LOS ANGELES—Trevor Moore grew up in nearby Thousand Oaks and came to Los Angeles Kings playoff games one day hoping to achieve his own postseason moment.
On Friday night it happened for the 28-year old forward even though he needed to wait a little bit to make sure it counted.
Moore became the first California-born player to score a postseason overtime goal for a California-based team, with his power-play goal 3:24 into the extra period giving the Kings a 3–2 victory over the Edmonton Oilers and a 2–1 lead in the Western Conference first-round series.
“It was awesome. Super fun playing in that building. That energy was like nothing else. It was really special,” Moore said after his first goal of the series and fourth postseason score of his career.
Game 4 on Sunday night in Los Angeles.
The goal was upheld following a lengthy review to determine if Gabriel Villardi played the puck in the corner with a high stick. The NHL’s situation room said there was no conclusive video evidence to determine that the puck made contact with Viladri’s stick.
“It was a long wait, but wasn’t horrible. Either way know we were going to keep pushing and it was all good,” Moore said of the review.
Edmonton coach Jay Woodcroft wasn’t happy that the goal stood and how the game was called.
“It’s a play where the greatest player in the world (Connor McDavid) is 2 feet away as it happens and his arm comes straight up in the air because he knows that it hit the stick. Otherwise, he wouldn’t put his arm up in the air and keep playing,” Woodcroft said. “It appears to me and in video that the puck is going straight up in a trajectory and deadens.”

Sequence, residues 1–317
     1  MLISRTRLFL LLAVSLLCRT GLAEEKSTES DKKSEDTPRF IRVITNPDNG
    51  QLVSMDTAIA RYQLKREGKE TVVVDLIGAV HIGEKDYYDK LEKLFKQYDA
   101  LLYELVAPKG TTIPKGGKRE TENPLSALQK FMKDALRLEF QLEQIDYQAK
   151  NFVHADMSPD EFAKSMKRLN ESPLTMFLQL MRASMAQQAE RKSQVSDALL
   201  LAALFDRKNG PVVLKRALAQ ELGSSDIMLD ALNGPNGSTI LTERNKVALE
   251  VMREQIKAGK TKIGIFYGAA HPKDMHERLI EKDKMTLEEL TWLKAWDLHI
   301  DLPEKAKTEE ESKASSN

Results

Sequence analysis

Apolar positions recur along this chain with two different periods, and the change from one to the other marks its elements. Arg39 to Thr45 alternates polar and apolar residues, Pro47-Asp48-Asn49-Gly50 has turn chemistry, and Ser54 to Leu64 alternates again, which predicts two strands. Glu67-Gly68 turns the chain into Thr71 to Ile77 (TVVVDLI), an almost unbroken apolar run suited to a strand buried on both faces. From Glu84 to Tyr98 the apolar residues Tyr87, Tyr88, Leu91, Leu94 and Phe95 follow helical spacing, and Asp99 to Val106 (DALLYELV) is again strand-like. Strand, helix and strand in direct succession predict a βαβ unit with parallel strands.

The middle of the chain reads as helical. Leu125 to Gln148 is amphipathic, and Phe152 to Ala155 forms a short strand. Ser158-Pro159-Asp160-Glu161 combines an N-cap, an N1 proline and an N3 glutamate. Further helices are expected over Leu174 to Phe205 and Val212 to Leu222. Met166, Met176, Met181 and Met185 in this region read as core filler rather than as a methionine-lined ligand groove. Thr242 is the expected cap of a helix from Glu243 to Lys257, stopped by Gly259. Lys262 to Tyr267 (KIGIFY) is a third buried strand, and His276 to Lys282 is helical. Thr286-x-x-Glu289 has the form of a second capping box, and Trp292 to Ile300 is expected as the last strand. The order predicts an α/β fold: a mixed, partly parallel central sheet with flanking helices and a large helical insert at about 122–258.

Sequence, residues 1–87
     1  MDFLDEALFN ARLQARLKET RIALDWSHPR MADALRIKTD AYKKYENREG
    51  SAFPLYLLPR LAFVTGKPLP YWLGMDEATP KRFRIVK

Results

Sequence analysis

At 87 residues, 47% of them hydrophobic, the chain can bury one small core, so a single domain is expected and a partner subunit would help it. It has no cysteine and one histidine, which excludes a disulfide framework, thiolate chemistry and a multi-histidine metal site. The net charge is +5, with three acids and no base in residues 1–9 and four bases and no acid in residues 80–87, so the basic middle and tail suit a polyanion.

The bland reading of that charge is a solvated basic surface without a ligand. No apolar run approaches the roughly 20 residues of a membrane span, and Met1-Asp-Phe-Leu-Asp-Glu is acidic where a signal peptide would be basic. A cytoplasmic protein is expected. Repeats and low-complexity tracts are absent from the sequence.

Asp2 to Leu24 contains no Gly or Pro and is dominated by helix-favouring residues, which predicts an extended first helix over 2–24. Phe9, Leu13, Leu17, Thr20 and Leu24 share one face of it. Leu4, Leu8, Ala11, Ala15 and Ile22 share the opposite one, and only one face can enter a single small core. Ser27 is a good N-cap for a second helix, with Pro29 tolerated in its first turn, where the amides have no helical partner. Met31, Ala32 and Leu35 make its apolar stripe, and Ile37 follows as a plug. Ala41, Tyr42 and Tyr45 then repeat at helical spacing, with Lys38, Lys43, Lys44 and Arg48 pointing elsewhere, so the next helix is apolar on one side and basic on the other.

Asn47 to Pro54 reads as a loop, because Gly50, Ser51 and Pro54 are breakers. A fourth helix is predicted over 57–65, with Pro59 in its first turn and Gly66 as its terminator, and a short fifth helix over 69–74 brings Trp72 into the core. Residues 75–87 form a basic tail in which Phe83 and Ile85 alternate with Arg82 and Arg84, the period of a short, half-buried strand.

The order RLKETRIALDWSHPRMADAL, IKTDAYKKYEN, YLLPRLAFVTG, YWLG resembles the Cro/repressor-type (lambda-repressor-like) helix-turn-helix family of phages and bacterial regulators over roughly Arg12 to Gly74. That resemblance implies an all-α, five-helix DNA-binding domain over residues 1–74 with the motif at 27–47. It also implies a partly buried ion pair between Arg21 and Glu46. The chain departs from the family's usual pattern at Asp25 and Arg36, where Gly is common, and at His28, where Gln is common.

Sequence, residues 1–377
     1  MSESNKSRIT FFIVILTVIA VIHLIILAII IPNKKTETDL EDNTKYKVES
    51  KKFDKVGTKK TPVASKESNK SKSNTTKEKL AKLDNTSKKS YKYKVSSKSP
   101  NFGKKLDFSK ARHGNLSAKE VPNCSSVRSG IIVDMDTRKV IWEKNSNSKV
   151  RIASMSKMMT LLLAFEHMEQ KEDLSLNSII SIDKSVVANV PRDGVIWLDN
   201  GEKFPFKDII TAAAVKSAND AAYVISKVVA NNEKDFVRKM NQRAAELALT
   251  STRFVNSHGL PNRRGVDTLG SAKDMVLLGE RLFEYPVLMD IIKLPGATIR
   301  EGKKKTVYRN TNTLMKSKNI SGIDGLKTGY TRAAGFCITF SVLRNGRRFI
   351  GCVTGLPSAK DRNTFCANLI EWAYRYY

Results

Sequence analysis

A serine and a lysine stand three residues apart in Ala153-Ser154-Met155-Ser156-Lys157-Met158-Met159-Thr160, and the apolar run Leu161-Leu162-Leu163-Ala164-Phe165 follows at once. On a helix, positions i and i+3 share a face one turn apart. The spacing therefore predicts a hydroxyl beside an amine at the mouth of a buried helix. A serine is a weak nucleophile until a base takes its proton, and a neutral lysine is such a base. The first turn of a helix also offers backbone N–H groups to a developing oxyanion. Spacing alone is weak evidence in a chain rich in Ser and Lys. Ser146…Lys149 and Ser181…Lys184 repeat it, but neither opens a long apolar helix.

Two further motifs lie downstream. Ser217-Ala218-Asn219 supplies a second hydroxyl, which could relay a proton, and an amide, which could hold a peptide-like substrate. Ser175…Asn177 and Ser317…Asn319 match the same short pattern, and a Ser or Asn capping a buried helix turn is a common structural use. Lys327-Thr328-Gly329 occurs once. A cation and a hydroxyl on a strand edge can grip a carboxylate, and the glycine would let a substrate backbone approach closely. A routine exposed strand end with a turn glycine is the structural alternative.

After Ryan Nugent-Hopkins was called for high-sticking at 1:44, Moore took Villardi’s pass from behind the net and put it between the legs of goaltender Stuart Skinner to give the Kings their second OT victory of the series.
Alex Iafallo and Adrian Kempe also scored for the Kings, and Joonas Korpisalo stopped 38 shots. The Kings had a pair of power-play goals and are 4 for 15 in the series.
“For us to play Edmonton as close as possible in special situations gives us the best chance of success,” Kings coach Todd McLellan said.
McDavid had a pair of power-play goals for the second multi-goal playoff game of his career. Evan Bouchard had a pair of assists, and Skinner made 28 saves.
The Oilers, who led the league with a 32.4% conversion rate on the power play during the regular season, are 4 for 8 with the man advantage in the series.
“It’s a tight-checking series and they seems to be getting the little breaks here and there,” McDavid said. “I like the way we had our looks and chances, but it came down to a power play in overtime.”
Kings winger Viktor Arvidsson went airborne for a couple seconds and hit the ice hard after being tripped up by Edmonton’s Darnell Nurse at 5:52 of the first period.
Arvidsson was down for a couple minutes before being helped off the ice. He was in the locker room for a couple minutes before returning to the game.
Nurse was originally called for a major penalty before it was reviewed and downgraded to a minor. It was a 4–on–4 situation because Arvidsson was called for playing with a broken stick before his incident with Nurse.
Leon Draisaitl became the fourth player in NHL history to have 30 road points in 20 or fewer playoff games when he had the second assist on McDavid’s second goal. Draisaitl has 10 goals and 20 assists in the postseason, including six points through three games of this series (three goals, three assists).
Wayne Gretzky (13 games), Mario Lemieux (16) and Peter Stastny (19) reached 30 points on the road in fewer games.
By Joe Reedy